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Shape of the universe

The term shape of the Universe can most usefully refer either to the shape
of a comoving spatial section of the Universe (a loose term for this is the
shape of space) or more generally, to the shape of the whole of space-time.

The shape of space (a comoving spatial section of the Universe)

Language/Intuition Prerequisites

To understand concepts of the shape of the universe, according to the
standard big bang model, the reader should, ideally, first develop his/her
intuition of manifolds, and more specifically, of Riemannian manifolds.

However, those definitions are somewhat abstract.

Here is an attempted shortcut to developing that intuition.

The reader's ordinary notions of space and time are likely to be wrong, they
are psychological constructions developed from common sense and folk
physics. These notions are useful for ordinary living, as they closely
approximate reality over distances and times that are at human scales, but
this does not make them real.

An easy way to convince yourself that your intuition is wrong in at least
one way is to imagine a globe of the Earth with the South Pole at the "top".
Does this seem "wrong"? If the North Pole is at the "top", does this seem
"right"? How is it possible that somehow "North" is "right" and "South" is
"wrong"? It is clear that physically, there should be symmetry between North
and South, neither should be favoured. So clearly there is something wrong
in your spatial intuition if you have the feeling that a globe with the
South Pole at the "top" seems wrong. Try looking at a map of your
country/region with South at the top and the effect should be clear.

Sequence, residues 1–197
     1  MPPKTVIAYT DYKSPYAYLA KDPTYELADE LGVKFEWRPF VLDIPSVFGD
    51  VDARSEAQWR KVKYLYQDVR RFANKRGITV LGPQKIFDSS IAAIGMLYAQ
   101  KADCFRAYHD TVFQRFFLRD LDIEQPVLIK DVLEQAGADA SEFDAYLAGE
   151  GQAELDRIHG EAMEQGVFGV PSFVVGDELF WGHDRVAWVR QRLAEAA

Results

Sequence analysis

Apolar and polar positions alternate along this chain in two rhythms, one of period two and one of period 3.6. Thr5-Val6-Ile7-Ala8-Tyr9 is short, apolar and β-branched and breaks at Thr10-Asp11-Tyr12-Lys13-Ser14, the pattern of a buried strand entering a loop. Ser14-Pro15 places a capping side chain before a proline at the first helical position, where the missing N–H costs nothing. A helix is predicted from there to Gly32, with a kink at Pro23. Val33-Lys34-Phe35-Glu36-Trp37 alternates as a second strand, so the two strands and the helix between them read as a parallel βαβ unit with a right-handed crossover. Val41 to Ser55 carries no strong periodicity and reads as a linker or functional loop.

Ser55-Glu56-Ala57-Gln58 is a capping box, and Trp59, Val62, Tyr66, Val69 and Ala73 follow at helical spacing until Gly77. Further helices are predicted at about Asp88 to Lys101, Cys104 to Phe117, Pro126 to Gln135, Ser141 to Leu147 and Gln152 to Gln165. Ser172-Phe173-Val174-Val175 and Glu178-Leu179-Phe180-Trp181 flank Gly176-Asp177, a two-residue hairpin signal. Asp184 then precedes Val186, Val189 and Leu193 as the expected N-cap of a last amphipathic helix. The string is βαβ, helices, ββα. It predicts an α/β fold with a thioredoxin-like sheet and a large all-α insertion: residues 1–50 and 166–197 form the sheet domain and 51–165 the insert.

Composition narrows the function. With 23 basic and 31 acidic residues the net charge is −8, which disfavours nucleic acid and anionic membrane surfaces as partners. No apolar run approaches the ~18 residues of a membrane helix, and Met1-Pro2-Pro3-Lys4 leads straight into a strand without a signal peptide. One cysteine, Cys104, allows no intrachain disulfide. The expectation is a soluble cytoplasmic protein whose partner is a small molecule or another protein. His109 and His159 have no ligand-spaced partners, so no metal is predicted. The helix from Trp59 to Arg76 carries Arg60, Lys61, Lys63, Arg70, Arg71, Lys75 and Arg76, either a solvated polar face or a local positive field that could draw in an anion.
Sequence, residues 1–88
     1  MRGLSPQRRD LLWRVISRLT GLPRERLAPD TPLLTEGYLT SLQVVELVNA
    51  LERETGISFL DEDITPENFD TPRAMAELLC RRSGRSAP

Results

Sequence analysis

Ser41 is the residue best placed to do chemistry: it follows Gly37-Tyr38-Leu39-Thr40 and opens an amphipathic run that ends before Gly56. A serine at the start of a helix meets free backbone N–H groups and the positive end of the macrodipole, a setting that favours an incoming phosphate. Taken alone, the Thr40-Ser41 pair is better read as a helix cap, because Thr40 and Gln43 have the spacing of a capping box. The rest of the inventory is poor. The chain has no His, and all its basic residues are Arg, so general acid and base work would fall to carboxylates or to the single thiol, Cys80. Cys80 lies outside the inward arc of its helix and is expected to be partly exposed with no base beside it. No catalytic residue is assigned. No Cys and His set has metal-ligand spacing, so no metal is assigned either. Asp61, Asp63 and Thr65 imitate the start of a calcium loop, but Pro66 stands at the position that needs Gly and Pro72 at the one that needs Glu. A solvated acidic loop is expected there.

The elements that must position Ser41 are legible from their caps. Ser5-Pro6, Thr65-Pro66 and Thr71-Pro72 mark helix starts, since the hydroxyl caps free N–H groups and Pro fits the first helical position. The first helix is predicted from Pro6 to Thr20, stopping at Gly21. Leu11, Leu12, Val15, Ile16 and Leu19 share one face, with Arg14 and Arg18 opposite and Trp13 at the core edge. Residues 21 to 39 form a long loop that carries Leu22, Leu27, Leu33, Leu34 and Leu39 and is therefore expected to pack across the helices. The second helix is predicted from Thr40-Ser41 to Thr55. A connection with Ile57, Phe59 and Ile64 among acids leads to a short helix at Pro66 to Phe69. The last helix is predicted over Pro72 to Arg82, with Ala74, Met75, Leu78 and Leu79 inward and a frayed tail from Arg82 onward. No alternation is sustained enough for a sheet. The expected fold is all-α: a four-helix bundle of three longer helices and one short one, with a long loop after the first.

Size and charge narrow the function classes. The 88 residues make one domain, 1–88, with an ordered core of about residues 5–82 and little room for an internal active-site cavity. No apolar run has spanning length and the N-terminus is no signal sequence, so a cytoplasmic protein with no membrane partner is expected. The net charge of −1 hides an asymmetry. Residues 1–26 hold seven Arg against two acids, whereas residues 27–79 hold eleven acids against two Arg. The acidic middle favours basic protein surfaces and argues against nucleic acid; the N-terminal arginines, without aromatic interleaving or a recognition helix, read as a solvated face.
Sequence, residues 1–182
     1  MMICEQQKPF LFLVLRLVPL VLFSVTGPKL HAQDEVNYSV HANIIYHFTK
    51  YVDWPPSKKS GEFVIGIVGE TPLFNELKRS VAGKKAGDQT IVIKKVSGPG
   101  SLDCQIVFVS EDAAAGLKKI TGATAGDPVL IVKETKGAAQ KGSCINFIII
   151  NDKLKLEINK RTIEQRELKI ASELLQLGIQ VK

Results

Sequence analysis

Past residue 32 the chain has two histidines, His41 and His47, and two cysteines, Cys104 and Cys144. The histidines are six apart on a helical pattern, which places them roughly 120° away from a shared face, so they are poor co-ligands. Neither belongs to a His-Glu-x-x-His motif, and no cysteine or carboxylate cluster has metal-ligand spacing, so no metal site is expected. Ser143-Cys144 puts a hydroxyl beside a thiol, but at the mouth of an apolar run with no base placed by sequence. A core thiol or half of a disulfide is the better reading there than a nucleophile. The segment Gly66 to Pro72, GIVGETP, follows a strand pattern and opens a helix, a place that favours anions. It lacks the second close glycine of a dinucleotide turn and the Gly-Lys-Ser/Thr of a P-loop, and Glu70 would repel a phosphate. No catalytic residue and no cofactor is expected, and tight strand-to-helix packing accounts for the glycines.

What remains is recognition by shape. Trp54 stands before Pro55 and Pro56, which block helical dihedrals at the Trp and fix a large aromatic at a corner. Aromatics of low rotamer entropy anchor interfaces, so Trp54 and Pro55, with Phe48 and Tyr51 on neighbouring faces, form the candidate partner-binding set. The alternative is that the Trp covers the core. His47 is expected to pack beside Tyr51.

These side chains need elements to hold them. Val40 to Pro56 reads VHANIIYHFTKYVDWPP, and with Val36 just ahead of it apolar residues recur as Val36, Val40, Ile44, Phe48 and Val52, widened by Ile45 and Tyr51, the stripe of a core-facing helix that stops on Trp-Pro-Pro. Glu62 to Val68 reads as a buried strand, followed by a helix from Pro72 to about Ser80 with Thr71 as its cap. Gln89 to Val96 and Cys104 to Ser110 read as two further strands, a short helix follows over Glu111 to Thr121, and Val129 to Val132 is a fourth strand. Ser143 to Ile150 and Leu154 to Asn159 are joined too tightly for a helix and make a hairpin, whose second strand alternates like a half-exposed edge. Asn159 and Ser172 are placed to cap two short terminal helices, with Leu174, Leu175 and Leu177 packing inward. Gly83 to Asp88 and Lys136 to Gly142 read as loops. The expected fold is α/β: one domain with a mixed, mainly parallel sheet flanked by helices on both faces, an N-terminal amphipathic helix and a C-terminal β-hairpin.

One way of developing correct intuition is to ignore one's existing
intuition and start from scratch, from very simple logic.

The reader should imagine starting off with a very abstract definition of a
set, which is more or less just a collection of points, and then adding more
and more definitions. These definitions include ways in which the points
relate to each other, and eventually include some concepts so that this set
has some properties which are like the common notions of a space.

It is then proposed that the reader accept the use of two-dimensional spaces
as analogies for real, three-dimensional space, since this way the third
dimension of his/her intuition can be used as a psychological tool for
imagining different possibilities for two-dimensional spaces. The reader
should remember that the use of a dimension for intuition-building does not
imply that it has any physical meaning. It is merely one way, among many, of
thinking about spaces of different curvature and topology.

Comoving space

Comoving coordinates are necessary for thinking about the shape of the
Universe. In comoving coordinates, we can think of the Universe as static,
despite the fact that in reality it is expanding. This is simply a useful
way of separating geometry (shape) from dynamics (expansion).

Local geometry (curvature) versus global geometry (topology)

Local geometry (curvature)

In simple words, this is the question of whether or not Pythagoras' theorem,
is correct, or equivalently, whether or not parallel lines remain
equidistant from one another, in the space one is talking about.

If we put Pythagoras' theorem in the form

[h = \sqrt{x^2 + y^2} ]

then:

* a flat space (zero curvature) is one for which this is true
* an hyperbolic space (negative curvature) is one for which
[h > \sqrt{x^2 + y^2} ]
* a spherical space (positive curvature) is one for which
[h < \sqrt{x^2 + y^2} ]

The first and third of these are relatively easy to imagine with
two-dimensional analogies. The first is an infinite flat plane. The third is
the surface of an ordinary sphere.

Global geometry (topology)

In simple words, this is the question which ignores Pythagoras' theorem.

Three different two-dimensional spaces which are all flat spaces, in all of
which Pythagoras' theorem is true, are

* an infinite flat plane
* an infinitely long cylinder
* a 2-torus, i.e. a cylinder with two ends which are defined to be stuck
to each other ("identified" with each other)

Each of these is globally very different.

The third is finite in 2-volume, i.e. surface area, but has no edges and
Pythagoras' theorem is true everywhere in it.